Briefly, they built a mechanical resonator out of a piezoelectric material, so that as it moves, it produces an electrical signal. They coupled this signal (across a capacitor) to a quantum-mechanical circuit called a superconducting phase qubit. The qubit can take on two states: a ground state |g> and an excited state |e>, and the probability of a transition between the two states can be measured.

After demonstrating that the resonator and the qubit were coupled, they showed that when they didn't excite the resonator, the transition probability of the qubit remained constant, even when the qubit frequency matched the resonator frequency. Since the resonator doesn't excite the qubit, it must be in its quantum ground state.

Then, they demonstrate that when they excite the qubit, they can get it to exchange its state with the resonator. The system goes from qubit in excited state, resonator in ground state to resonator in excited state, qubit in ground state. While the exchange is happening, the system is in an entagled qubit-resonantor quantum state. This is all observed by measuring qubit transition probability.

It's all done with high-frequency electrical signals at very low temperatures.

That's how I read it, at least.
posted by mr_roboto at 3:08 PM on March 18, 2010 [8 favorites]


ummm... i hate to rain on the parade here but i don't think this article is saying what you think it is saying.

the standard textbook tabletop demonstration of the validity of quantum mechanics involves say, heating up atoms of metal in a furnace and then shooting them through a thin slit at a screen. the quantum mechanics is essentially that of a *particle* (the individual atoms) flying through space and you are able to measure the effect of a purely quantum mechanical property called 'spin' by measuring the distribution of metal atoms on the screen.

it's impossible to say what they are actually measuring from reading this article, but what they appear to have done is to get measurable effects for the quantum mechanics of a vibrating drum rather than a single particle.

but the basic point is that measurements are always 'classical' states and vice versa. at least for the standard interpretation of quantum mechanics the idea of a 'superposition' of classical states (measurements) is nonsense.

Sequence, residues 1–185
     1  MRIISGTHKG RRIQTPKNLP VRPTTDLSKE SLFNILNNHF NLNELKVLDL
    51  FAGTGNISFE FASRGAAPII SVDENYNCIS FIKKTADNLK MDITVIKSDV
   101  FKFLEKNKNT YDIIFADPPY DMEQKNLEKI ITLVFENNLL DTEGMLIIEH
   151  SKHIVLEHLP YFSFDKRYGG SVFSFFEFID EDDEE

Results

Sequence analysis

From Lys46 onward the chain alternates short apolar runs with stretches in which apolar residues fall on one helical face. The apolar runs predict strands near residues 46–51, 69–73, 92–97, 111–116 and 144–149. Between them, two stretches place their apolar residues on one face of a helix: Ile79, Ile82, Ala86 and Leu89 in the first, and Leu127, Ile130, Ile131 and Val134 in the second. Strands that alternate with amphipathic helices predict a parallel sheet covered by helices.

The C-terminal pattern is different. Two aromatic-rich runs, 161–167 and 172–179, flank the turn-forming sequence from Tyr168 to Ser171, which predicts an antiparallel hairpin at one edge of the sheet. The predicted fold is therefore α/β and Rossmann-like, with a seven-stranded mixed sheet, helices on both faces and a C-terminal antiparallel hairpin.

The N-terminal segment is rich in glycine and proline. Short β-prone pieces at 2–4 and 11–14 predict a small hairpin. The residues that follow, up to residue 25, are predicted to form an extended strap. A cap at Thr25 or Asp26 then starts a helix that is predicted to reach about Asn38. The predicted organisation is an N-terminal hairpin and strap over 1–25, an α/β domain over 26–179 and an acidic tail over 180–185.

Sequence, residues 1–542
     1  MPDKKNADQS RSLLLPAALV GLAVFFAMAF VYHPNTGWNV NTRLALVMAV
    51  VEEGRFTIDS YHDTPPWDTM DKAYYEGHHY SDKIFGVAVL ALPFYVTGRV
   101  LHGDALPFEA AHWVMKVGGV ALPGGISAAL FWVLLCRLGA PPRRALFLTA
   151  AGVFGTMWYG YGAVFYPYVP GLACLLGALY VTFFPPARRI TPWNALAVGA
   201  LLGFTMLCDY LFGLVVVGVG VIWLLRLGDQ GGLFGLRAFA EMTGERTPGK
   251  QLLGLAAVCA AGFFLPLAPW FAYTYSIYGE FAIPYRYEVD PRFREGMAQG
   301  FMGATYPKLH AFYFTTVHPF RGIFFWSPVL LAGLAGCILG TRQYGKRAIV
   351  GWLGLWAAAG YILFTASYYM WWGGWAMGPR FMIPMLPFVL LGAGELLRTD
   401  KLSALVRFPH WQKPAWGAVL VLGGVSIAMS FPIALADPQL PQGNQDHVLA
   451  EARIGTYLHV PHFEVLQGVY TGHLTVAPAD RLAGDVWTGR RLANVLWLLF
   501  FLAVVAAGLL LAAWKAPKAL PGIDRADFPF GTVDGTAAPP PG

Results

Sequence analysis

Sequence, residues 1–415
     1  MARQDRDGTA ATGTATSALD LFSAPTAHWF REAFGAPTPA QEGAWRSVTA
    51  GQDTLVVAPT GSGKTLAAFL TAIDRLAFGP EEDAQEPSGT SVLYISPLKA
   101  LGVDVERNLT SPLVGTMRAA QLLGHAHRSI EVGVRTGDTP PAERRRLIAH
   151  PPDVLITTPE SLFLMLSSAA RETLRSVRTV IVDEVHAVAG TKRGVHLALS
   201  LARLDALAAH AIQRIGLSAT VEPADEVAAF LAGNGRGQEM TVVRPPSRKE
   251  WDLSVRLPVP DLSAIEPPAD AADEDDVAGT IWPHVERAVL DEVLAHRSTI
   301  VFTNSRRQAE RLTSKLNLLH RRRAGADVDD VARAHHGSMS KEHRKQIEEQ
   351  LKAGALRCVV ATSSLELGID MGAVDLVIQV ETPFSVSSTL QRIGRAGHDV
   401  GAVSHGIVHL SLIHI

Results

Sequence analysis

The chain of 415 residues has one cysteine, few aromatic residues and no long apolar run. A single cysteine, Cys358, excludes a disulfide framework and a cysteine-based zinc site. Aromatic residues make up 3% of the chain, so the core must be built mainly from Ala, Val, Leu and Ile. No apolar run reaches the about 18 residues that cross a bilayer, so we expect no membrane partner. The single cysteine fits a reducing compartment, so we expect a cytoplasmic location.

it's not that this isn't really interesting, it's just that all they have shown is that the quantum mechanics of 'continuum' (or multibody if you prefer) systems is measurable. it would be truly surprising if you obtained measurements of a small vibrating drum that weren't explainable by quantum mechanics.
posted by ennui.bz at 3:10 PM on March 18, 2010


For something you've cooled so much so that any contact, either by objects or photons, would kick it out, yeah. And for the by-now-thoroughly-confused cat in a box scenario, yeah. It ought to be theoretically possible for non-cooled items, if you look at the LIGO example I mentioned, because there the superposition requires neither the "I'm not looking, nobody's looking" aspect nor the "we have to suck all of the energy out of the system, so much so that a handful of photons are going to screw it all up" issue. At .1 K, well, that's very chilly, but not so much so that a flashlight would necessarily kick it out. Here, the qubit is "just" a device for measurement, that funky little staple-shape is what is actually resonating. They seem more excited by the qubit, though.

And now I will be ruminating on "once LIGO reaches those levels, what exactly will go on?" and "what constitutes a measurement, anyway?"
posted by adipocere at 3:20 PM on March 18, 2010


This is probably my favorite science quote of the year:

"There might be some interesting application," he says. "But frankly, I don't have one now."
-Andrew Cleland
posted by MrVisible at 3:24 PM on March 18, 2010 [4 favorites]


it's impossible to say what they are actually measuring from reading this article...